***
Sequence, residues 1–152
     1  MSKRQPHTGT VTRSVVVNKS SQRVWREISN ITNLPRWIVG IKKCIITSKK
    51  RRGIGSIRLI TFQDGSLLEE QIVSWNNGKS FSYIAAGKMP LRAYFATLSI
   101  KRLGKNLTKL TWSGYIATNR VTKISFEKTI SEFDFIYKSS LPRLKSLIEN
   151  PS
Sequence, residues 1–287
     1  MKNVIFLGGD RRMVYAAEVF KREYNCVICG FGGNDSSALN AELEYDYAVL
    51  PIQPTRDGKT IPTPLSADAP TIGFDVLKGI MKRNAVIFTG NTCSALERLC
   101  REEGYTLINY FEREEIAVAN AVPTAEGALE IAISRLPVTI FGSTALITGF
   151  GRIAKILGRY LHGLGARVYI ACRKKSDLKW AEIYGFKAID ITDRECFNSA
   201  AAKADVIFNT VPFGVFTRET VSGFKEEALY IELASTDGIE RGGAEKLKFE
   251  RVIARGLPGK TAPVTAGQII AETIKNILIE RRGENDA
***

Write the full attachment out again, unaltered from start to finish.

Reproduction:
Sequence, residues 1–152
     1  MSKRQPHTGT VTRSVVVNKS SQRVWREISN ITNLPRWIVG IKKCIITSKK
    51  RRGIGSIRLI TFQDGSLLEE QIVSWNNGKS FSYIAAGKMP LRAYFATLSI
   101  KRLGKNLTKL TWSGYIATNR VTKISFEKTI SEFDFIYKSS LPRLKSLIEN
   151  PS
Sequence, residues 1–287
     1  MKNVIFLGGD RRMVYAAEVF KREYNCVICG FGGNDSSALN AELEYDYAVL
    51  PIQPTRDGKT IPTPLSADAP TIGFDVLKGI MKRNAVIFTG NTCSALERLC
   101  REEGYTLINY FEREEIAVAN AVPTAEGALE IAISRLPVTI FGSTALITGF
   151  GRIAKILGRY LHGLGARVYI ACRKKSDLKW AEIYGFKAID ITDRECFNSA
   201  AAKADVIFNT VPFGVFTRET VSGFKEEALY IELASTDGIE RGGAEKLKFE
   251  RVIARGLPGK TAPVTAGQII AETIKNILIE RRGENDA